I think that as a result of the psychedelic experience there's a heightened sense of the drama of life, including its brevity, and a realization both of the importance of one's individual life and of the fact that a sacred task has been given to the individual in the development of the self...

Footnotes

    1. G. N. M. Tyrrell. (back)
    2. Taken from "Use of Psychedelic Agents to Facilitate Creative Problem Solving," published by The Institute for Psychedelic Research of San Francisco State College. This group, headed by James Fadiman, Willis W. Harman, Robert H. McKim, Robert P Mogar, and Myron J. Stolaroff, was outstanding in this particular area of LSD research, but was recently disbanded at the request of the Federal authorities. (back)
    3. Arthur Kleps, a psychologist and Chief of the Neo-American Church, Cranberry Lake, N.Y., appearing before the Special senate Judiciary Subcommittee on Narcotics, Wednesday, May 25 1966: "If I were to give you an l.Q. test and during the administration one of the wails of the room opened up giving you a vision of the blazing glories of the central galactic suns, and at the same time your childhood began to unreel before your inner eye like a three-dimensional color movie, you would not do well on the test." (back)
    4. Architect Eric Clough has since been interviewed about his work OD this project, which is near the University of California campus at Santa Cruz, in the August, 1966, issue of Progressive Architecture. His hope that his LSD experience would carry over and aid him with future work has been realized. He believes that LSD can "facilitate focusing on anything" and that "All architects ought to have this experience." (back)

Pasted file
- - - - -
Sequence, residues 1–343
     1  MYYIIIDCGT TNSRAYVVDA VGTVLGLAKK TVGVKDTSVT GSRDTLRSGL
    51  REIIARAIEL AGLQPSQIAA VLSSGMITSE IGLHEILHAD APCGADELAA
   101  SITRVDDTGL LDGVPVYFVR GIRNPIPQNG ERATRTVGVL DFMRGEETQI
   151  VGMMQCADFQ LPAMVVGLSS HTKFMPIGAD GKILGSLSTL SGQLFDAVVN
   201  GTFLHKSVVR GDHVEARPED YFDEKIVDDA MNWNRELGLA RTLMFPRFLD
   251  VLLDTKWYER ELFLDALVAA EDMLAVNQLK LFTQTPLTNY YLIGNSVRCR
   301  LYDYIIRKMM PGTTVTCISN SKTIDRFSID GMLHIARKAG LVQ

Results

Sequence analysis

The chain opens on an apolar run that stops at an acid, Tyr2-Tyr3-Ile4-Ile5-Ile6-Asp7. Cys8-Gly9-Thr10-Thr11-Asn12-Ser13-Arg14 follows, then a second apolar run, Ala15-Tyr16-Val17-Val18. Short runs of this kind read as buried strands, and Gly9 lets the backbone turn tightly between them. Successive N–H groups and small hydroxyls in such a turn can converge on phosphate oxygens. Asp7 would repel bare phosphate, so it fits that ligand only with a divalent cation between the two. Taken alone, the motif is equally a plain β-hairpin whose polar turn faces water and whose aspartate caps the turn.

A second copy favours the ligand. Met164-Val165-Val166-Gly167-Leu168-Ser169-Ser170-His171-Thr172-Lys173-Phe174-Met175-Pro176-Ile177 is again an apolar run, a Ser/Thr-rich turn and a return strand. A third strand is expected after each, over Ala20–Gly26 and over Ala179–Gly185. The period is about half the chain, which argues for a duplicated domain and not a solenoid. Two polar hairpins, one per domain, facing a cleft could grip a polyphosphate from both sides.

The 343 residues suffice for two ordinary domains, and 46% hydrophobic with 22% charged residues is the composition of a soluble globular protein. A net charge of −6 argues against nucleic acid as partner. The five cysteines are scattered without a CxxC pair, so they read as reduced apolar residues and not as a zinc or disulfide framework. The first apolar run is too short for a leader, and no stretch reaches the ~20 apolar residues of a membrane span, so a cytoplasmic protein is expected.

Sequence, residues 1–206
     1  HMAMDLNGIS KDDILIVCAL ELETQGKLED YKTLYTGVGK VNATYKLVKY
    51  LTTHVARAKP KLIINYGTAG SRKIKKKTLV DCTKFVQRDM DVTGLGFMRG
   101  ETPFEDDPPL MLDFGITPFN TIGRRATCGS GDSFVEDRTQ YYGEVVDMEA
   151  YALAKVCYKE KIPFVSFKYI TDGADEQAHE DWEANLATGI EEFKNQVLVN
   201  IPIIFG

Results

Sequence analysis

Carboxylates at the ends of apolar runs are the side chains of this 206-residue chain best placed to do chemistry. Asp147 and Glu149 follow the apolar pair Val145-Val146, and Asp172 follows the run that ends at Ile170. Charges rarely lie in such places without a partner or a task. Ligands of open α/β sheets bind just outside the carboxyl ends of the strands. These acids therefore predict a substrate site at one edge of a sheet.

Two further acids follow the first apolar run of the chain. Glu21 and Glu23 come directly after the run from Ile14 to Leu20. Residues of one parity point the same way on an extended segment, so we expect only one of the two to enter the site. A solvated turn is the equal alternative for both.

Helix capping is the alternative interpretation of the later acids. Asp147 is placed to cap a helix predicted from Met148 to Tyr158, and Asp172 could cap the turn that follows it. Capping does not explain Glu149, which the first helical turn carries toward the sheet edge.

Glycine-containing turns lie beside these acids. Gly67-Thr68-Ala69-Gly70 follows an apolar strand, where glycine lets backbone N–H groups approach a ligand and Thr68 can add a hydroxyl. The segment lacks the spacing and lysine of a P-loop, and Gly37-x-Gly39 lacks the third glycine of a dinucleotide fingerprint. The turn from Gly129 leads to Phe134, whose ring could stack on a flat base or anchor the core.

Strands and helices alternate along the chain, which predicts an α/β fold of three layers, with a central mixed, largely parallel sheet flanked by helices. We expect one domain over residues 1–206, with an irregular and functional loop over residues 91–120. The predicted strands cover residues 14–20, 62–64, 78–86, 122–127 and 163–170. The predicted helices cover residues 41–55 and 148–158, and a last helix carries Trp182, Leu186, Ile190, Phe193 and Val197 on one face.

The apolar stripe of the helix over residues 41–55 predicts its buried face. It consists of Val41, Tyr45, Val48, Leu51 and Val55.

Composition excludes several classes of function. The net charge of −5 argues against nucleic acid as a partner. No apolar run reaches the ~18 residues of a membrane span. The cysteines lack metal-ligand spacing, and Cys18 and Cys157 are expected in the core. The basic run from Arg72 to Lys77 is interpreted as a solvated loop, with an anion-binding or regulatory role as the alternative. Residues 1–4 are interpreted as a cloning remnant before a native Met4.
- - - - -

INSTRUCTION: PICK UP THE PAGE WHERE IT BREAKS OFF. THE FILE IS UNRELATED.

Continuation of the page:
====================

Chapter IV.   Everyday Problems 



EVERY PERSON has everyday problems, just as every person has an everyday life, with mounds and hills of pleasure, and ruts and pitfalls of trouble.
    What are these "everyday" problems? They are usually related to any situation common to the human condition. Nail-biting; hostility toward one's family; awkwardness; an uncontrollable temper; timidity; lethargy; unpopularity—all are familiar and rather general manifestations of "everyday problems." Such manifestations, of course, can sometimes be cured with aspirin or mouthwash or some other product from the neighborhood drugstore. On the other hand, everyday problems can be seeds that grow into "serious" problems—marital or sexual dissatisfactions that daily worsen, drinking much more than "too much," for instance—problems which may send the sufferer to his minister begging for advice, or to the psychiatrist's couch, or to a hospital bed.